Reproduced from Aesthetics | Volume 4/Issue 2 - January 2017


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Those who spend long periods of time, during the day, dwelling on their appearance, may be suffering from BDD improving physical appearance. External motivations include: a job promotion; a new relationship; to please friends and family; or relief from emotional distress such as bereavement or divorce. Patients who are externally motivated are looking for some secondary gain. Interestingly, there have been studies suggesting that being motivated for aesthetic surgery to please a romantic partner is associated with a poor postoperative outcome.6,10 It is also important to ensure that a patient’s expectations are realistic and achievable, such as a youthful, refreshed look or improvement in a body area that they feel self-conscious about; as opposed to looking ten years younger or indeed looking like a celebrity. Physical appearance and body image It is always important to ask the patient what it is that concerns them about their

appearance. They should be able to point to specific concerns and we should be able to visualise these readily. If the patient is overly concerned about a defect that we can’t readily identify, they may be suffering from BDD. We must also assess the degree of dissatisfaction a patient experiences. Some degree of dissatisfaction with body image is present amongst most patients. Those who spend long periods of time, during the day, dwelling on their appearance, may be suffering from BDD. Patients should also be asked how their feelings about their appearance affect their daily functioning. Those who have lost jobs or social contact, as they are not able to engage in normal daily activities could be suffering from BDD.3,6,7 There are also several scales that can be used to assess symptom severity such as: the Body Dysmorphic Disorder Questionnaire (BDDQ), BDDQ –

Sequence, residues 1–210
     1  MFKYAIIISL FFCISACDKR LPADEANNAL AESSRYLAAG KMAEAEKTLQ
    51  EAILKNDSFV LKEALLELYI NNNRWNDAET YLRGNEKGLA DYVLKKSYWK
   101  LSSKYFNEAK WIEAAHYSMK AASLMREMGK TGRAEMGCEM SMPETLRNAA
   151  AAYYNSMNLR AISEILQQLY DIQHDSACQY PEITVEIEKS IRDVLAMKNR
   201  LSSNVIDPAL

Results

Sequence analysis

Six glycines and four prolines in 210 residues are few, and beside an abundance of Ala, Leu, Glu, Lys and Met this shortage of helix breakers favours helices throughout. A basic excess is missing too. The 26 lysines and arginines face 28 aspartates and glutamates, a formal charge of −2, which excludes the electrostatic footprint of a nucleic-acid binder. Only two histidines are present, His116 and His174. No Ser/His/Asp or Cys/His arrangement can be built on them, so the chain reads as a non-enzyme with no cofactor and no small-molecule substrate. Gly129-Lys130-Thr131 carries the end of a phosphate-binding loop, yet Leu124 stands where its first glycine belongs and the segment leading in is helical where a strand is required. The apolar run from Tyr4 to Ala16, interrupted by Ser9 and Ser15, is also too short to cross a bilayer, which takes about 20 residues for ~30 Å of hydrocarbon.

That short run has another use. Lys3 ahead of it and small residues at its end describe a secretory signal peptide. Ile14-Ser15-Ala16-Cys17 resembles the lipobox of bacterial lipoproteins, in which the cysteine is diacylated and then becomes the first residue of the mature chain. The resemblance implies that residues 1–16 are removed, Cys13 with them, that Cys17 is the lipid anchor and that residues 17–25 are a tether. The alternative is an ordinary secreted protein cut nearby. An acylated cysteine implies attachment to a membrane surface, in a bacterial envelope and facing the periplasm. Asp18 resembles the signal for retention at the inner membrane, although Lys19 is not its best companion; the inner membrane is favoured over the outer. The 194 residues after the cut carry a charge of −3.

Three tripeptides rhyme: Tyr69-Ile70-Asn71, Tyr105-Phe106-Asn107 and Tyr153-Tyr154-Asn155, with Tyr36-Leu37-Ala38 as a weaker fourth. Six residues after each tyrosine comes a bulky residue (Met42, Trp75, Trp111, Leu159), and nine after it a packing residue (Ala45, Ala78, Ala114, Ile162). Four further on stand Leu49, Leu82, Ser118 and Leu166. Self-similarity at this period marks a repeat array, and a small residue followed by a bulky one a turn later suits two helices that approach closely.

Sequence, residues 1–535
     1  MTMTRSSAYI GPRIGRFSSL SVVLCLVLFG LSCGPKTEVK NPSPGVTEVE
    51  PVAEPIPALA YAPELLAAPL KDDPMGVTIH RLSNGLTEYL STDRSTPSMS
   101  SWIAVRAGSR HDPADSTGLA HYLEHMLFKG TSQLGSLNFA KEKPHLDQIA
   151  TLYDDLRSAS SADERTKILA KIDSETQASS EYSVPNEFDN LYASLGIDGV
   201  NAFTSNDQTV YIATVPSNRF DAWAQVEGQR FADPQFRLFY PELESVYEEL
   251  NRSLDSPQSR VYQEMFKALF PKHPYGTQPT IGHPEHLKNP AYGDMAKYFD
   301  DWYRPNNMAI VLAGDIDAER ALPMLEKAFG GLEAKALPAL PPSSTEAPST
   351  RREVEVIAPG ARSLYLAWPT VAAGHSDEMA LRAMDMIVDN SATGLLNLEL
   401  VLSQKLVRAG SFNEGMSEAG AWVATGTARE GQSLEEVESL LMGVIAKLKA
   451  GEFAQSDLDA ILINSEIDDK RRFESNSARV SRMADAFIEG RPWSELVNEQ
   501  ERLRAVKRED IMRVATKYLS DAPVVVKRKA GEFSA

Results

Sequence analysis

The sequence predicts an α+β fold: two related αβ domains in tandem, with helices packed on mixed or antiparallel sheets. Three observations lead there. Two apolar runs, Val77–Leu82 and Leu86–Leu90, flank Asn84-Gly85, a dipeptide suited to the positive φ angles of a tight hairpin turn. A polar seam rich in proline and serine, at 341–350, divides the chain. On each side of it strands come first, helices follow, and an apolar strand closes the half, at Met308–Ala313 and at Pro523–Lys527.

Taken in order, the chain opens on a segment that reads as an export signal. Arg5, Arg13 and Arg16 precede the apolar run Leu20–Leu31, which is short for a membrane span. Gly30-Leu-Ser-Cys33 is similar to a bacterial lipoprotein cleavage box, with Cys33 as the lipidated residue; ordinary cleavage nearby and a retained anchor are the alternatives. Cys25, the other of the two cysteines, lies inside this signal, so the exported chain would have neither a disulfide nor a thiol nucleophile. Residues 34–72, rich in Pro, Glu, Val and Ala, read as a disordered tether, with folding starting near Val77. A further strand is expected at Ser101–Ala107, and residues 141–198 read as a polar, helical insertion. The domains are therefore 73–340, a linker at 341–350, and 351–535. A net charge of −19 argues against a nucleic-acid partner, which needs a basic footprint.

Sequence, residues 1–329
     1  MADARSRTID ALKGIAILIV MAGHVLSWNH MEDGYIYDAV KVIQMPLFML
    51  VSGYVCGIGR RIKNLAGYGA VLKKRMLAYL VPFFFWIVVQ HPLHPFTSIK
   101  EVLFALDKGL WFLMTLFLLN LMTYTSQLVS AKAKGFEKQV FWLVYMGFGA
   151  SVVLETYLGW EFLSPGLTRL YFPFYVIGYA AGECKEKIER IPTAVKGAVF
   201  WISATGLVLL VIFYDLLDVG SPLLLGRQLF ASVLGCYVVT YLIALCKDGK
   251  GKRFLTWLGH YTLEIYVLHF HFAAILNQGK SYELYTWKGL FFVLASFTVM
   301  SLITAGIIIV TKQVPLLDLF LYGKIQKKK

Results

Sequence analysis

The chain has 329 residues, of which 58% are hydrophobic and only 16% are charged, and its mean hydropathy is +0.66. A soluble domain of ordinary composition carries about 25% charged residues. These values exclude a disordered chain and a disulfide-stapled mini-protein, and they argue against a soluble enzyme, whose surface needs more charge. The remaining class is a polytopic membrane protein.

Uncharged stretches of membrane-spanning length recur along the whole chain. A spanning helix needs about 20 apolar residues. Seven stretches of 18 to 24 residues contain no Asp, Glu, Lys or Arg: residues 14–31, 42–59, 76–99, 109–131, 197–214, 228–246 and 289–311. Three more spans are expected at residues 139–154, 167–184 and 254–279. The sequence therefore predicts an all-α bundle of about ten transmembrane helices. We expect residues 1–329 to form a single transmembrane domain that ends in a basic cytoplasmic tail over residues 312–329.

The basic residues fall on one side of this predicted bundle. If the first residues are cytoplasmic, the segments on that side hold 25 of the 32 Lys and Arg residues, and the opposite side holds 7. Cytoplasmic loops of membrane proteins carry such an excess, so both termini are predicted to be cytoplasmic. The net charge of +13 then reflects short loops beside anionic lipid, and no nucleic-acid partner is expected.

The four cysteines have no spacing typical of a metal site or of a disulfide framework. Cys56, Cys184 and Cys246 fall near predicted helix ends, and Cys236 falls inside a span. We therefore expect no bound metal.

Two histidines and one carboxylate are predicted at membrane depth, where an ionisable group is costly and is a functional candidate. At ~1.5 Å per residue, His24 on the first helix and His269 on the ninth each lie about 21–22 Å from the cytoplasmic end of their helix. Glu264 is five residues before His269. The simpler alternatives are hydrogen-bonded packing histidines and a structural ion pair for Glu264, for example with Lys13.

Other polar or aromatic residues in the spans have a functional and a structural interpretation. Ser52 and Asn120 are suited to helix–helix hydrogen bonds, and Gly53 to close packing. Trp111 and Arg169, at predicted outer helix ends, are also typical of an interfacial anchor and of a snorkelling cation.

Case example A 53-year-old female patient attended for a first consultation. She had previous botulinum toxin treatment and dermal filler in her nasolabial lines from another practitioner. Her concern was with her nasolabial lines, which she wanted injected. I discussed with her how enhancing her cheeks would achieve a better aesthetic outcome and she seemed happy with this course of action. When I told her the treatment could not be done on the same day, she became very unhappy. She told me the treatment needed to be done prior to a male friend arriving in about two weeks’ time, otherwise she would be unable to meet him. She also mentioned she had been avoiding social situations where people may take photographs and may post them on social media. After trying to persuade me for some time and realising she wouldn’t be treated, she told me her issues weren’t psychological, which was not something I had mentioned to her at this point. When I suggested that perhaps some of her behaviours warranted exploring she became extremely angry. At this point I ended the consultation, and though I had said I would see her again in a week, I reflected on the consultation and decided I would not be treating her, as I was concerned about her having BDD. To my surprise she did book back in a week later. When I explained my reasoning for not treating her, she became very angry; threatening to sue the clinic and suggesting that I should be struck off. In cases such as this I usually take the clinic manager into the consultation. This can be a good tool if you have a particularly difficult patient who refuses to take no for an answer. In this case it meant the patient was told by us both that any treatment wouldn’t be going ahead and what her options were. Which in this case, was a refund of her consultation fee, as a gesture of goodwill, or a second opinion. This case study shows how important it is to fully consult and explore possible BDD symptoms and not to treat patients under pressure. If I had treated her, I believe that it is highly likely that she would be dissatisfied and I could now be dealing with legal action.